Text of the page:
Origin of Hole Name

    With the wind at your back you may be tempted to try the green in two shots.

  • 10


    The back nine takes on a definite Carolinas feel with an expansive Pinehurst-look bunker decorating the area in front of this tee. There is a pronounced natural look throughout the hole which culminates with a Donald Ross illusion bunker. From out in the fairway the bunker appears to abut the green, but actually it is 60 yards short. Plenty of room here to work the ball into the green with a fade or a draw.

    Origin of Hole Name

    Though it looks as if it were nestled against the front of the green, the fairway bunker that defines this hole is 60 yards in front of your target.

  • 11


    This difficult par 5 begins with a lengthy carry over a lake to a fairway bordered by a majestic stand of pines. The fairway rolls and meanders through a forest cathedral of trees, bending to the right. The second shot must negotiate a stream which cuts across the fairway, adding another element of strategy. Beware of the water which lies in wait at the right front of the green!

    Origin of Hole Name

    This hole requires 3 good shots. Get impatient and you may find yourself in trouble.

  • 12


    You'll swear you are in the mountains when you stand on the tee of this medium-length par 3. Trees surround and isolate the entire hole with a waste bunker stretching from tee to green. Avoid it, or be prepared to pay the penalty!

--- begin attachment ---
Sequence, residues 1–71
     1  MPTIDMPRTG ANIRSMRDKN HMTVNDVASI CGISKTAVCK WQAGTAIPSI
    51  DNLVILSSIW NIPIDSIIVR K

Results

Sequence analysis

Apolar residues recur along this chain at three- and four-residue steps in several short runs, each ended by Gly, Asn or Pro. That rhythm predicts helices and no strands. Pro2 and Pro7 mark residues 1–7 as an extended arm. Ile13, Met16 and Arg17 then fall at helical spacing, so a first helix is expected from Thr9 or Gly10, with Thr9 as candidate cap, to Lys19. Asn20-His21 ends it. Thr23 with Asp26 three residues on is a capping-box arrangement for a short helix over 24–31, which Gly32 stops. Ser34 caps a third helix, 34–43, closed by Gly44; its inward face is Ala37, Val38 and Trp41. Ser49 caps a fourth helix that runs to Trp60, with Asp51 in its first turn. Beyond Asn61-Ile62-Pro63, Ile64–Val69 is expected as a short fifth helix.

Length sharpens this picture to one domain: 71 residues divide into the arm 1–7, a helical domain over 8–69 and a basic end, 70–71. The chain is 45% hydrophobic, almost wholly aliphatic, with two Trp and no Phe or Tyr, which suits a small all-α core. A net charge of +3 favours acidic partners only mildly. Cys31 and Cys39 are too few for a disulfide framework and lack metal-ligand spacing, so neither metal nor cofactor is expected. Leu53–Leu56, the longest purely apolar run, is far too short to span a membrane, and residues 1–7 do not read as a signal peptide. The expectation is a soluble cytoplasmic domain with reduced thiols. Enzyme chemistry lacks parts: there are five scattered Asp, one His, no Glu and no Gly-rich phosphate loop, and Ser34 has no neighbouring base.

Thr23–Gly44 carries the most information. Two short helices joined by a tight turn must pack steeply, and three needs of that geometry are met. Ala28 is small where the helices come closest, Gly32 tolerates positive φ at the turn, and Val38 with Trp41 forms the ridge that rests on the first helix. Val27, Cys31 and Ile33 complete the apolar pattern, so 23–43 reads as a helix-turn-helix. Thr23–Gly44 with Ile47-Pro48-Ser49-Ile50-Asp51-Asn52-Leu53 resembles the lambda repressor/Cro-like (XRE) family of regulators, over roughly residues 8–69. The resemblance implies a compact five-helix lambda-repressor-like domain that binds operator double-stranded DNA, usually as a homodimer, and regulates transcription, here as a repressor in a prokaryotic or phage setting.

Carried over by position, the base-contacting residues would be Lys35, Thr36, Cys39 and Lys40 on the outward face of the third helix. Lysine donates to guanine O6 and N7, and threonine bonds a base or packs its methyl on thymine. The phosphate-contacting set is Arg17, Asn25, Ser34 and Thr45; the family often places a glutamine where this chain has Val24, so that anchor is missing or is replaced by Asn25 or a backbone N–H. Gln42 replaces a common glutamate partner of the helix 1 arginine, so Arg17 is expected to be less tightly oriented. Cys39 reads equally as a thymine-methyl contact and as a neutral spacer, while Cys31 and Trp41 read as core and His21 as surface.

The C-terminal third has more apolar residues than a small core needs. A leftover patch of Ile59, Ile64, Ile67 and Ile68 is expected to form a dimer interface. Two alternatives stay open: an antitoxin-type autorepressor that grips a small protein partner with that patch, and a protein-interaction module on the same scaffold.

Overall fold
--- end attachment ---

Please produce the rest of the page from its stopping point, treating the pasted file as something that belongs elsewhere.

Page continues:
Origin of Hole Name

    A long sand trap, towering pines, and whispering wind may make you think you are in a different state.

  • 13


    The terrain has flattened a bit now. A bayou meanders down the left side, although it should not be in play. Aim towards the wide fairway bunker which borders the landing zone. Oops! Closer inspection reveals it's not a fairway bunker at all, but rather a lengthy beach bunker lying behind a stream guarding the green on three sides.

    Origin of Hole Name

    The green is guarded by a large sand bunker leading right into the water.

  • 14


    It's straightaway, it's short, and it's full of adventure. Use an iron off the tee and keep the ball on the flat landing zone, or pull out the driver and flail away-although you risk a chancy landing on the hump 90 yards short of the green. The green is the real problem here, divided into hemispheres left and right by a bisecting ridge. If the flag is on the left, make sure you hit left. An indifferent shot to the lower plateau on the right can lead to a nightmarish roller-coaster putt.